This is a blog post I have been wanting to do for a long time, but I have not had the courage or energy to do it before this moment… Here goes

Despite the somewhat radical attempts at reforming the NHS, moreover, mental health services across the country, one thing that a council of people cannot do is alter the mindset towards mental health issues. It has been a stereotype for a long time that people who suffer from mental health issues, or any medical issue, have to be suffering physically, in a way which is identifiable to the eye. This, however, is not the case; the fact that one in five young people experience mental health disorders, of which seventy per cent of who aged up to fifteen have not had appropriate interventions at ages when they could have been helped, is more than saddening. This begs the question, why is it that young people, now more than ever before, are experiencing depression, anxiety, eating disorders and many more mental health disorders?

Although the majorly unrealistic portrayal of people in the music, film and television industries aid in people feeling unworthy or not good enough for society, there are many other factors which act as catalysts for one developing some of the mental health issues mentioned in the former. For example, it took me a long time to realise that looking like various celebrities, who were and still are deemed to have perfect bodies and faces, was not going to happen. Despite this, I still saw myself unworthy of society – in the way I look and think; to be honest, to this day, I still do. Even when acknowledging that the reality of celebrity “beauty”, is not real, so ironic, one can still feel and question why they have been born and are a certain way, perhaps regarding their looks, mentality, characteristics and many other things that make us who we are.

Nevertheless, what started to form my depression was the death of a loved one, or perhaps the death of people close to me over a period of three years, in addition to the way I felt about myself, my academic career and many more factors. Although these deaths occurred over a long time and that people may see me doing well in education, it is important to be aware of the fact that built emotion can actually act as a driving force of depression when things start to pile up. From this, it is important to note that it is not just perhaps, “universal” or apparently “obvious” reasons which can start mental health issues, there can be numerous reasons for people to develop mental health disorders, which no one should be judgemental of.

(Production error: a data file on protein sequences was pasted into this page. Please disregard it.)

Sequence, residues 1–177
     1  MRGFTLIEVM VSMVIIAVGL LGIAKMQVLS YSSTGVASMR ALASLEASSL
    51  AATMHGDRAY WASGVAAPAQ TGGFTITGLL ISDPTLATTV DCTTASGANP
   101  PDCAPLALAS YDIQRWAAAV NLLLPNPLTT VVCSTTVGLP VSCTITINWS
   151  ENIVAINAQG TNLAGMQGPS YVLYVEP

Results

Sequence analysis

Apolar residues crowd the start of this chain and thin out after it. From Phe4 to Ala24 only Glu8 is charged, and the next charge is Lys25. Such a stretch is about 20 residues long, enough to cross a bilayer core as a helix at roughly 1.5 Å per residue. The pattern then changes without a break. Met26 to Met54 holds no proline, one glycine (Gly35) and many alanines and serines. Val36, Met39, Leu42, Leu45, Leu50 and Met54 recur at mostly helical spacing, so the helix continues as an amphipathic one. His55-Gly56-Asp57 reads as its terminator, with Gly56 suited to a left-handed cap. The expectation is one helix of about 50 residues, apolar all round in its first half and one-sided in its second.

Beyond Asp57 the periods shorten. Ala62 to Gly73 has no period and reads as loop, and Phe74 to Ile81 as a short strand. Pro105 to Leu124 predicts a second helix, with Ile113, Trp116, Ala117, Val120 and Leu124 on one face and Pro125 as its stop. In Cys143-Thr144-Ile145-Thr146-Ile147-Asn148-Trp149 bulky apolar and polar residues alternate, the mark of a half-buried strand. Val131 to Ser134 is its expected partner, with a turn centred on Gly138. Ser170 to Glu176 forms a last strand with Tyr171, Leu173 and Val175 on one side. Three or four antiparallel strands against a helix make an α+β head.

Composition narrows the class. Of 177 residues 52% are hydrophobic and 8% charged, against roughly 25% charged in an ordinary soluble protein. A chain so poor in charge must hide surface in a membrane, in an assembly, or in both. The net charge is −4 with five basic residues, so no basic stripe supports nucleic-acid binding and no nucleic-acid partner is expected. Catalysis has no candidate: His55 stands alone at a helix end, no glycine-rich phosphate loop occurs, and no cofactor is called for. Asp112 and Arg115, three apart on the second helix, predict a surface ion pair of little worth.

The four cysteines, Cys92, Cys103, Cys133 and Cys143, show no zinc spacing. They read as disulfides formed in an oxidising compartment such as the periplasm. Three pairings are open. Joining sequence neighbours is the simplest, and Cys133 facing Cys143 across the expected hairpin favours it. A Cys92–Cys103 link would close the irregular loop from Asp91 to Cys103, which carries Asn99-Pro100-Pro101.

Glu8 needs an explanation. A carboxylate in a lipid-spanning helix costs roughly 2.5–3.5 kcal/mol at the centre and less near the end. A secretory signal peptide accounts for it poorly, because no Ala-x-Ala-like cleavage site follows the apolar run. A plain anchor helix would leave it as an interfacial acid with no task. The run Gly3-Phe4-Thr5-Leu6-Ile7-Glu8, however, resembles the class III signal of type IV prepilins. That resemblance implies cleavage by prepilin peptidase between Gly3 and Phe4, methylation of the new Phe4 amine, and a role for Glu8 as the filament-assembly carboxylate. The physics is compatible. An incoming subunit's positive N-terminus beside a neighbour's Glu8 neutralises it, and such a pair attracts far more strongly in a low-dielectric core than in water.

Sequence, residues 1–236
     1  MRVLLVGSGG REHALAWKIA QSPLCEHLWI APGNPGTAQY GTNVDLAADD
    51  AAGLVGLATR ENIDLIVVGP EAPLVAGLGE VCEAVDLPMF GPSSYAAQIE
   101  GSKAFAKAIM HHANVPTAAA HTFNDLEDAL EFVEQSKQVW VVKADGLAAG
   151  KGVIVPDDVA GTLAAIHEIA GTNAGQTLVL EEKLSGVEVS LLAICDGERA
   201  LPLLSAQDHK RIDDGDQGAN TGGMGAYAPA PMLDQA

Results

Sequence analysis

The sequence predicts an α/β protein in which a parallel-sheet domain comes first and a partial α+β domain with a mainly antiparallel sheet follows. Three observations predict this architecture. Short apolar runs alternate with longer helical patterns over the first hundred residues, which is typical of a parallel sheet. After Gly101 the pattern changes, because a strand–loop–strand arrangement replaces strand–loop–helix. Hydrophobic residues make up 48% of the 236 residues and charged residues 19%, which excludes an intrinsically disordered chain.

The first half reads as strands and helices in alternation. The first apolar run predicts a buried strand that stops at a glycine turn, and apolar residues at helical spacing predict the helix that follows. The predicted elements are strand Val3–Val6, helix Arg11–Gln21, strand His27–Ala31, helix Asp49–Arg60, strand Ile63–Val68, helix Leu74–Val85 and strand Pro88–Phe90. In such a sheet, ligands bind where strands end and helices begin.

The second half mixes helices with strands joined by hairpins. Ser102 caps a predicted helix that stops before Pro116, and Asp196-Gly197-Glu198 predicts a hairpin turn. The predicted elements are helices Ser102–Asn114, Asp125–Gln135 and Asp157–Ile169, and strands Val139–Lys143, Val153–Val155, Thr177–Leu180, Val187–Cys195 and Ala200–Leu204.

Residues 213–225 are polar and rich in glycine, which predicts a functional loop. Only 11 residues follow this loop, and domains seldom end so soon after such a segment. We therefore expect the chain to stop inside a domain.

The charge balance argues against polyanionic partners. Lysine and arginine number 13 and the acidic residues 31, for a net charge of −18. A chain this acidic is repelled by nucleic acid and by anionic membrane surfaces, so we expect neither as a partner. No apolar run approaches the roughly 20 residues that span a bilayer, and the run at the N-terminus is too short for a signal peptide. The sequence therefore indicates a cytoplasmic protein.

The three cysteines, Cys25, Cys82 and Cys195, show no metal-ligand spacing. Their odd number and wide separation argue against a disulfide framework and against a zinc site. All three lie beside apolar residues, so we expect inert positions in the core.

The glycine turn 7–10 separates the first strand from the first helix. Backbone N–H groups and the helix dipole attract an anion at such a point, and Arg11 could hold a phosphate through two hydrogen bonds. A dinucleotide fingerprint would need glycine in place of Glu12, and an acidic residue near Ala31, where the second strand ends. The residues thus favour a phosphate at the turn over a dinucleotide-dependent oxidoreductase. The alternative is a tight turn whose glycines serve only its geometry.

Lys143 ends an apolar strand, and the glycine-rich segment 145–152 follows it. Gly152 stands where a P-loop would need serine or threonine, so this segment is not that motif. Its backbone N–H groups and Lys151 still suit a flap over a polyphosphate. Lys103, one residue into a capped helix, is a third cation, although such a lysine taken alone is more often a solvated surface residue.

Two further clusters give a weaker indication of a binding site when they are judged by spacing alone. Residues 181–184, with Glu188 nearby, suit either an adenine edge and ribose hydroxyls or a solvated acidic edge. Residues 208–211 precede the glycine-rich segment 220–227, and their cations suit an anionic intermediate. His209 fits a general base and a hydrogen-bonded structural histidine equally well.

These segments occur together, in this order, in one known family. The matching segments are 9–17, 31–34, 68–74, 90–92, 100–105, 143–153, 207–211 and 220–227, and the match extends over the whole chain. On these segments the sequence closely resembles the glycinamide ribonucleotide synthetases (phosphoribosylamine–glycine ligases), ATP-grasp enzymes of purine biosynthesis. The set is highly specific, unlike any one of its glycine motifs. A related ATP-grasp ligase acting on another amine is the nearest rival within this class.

Prior to my own medical diagnosis of depression, I searched up the actual definition on the internet (one of the worst things you can do is Google symptoms – everything leads to cancer, apparently), what I found was that no definition or website was the same. There may have been similar symptoms, such as fatigue, sadness and insomnia, but no website was the same. This allowed me to realise that everyone has a different experience of depression, which can evolve over time. To emphasise, from my own experience, it has been easy to relapse into depressive states, whether or not I have been taking my medication, especially after I thought I was doing well without it, and for most of the time I have been. Not only does this show that mental health disorders, similar to depression, can come and go, but also that they can evolve into different feeling and thoughts.

To reiterate, no diagnosis of depression is the same. There cannot be universal reasons and solutions for why people have mental health disorders like depression and anxiety, this is a common misconception, which can be likened to putting all of your eggs in the same basket. It is my personal belief that society still believes that depression and other mental health disorders are as a result of one apparent set cause or reason and will have one set “cure”. To me, this is driving the lack of help people are gaining for their mental health issues, moreover, because there is a lack of understanding from many people – whether it is those in the education, medical and/or political profession.